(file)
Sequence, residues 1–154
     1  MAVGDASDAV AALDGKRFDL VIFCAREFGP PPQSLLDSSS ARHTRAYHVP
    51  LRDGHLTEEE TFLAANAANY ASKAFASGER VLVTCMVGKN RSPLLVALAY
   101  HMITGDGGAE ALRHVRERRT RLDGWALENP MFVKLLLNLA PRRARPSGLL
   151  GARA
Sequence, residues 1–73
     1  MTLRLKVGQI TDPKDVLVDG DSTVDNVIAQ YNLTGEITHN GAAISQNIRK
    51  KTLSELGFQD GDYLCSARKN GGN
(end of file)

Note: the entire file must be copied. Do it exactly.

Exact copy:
Sequence, residues 1–154
     1  MAVGDASDAV AALDGKRFDL VIFCAREFGP PPQSLLDSSS ARHTRAYHVP
    51  LRDGHLTEEE TFLAANAANY ASKAFASGER VLVTCMVGKN RSPLLVALAY
   101  HMITGDGGAE ALRHVRERRT RLDGWALENP MFVKLLLNLA PRRARPSGLL
   151  GARA
Sequence, residues 1–73
     1  MTLRLKVGQI TDPKDVLVDG DSTVDNVIAQ YNLTGEITHN GAAISQNIRK
    51  KTLSELGFQD GDYLCSARKN GGN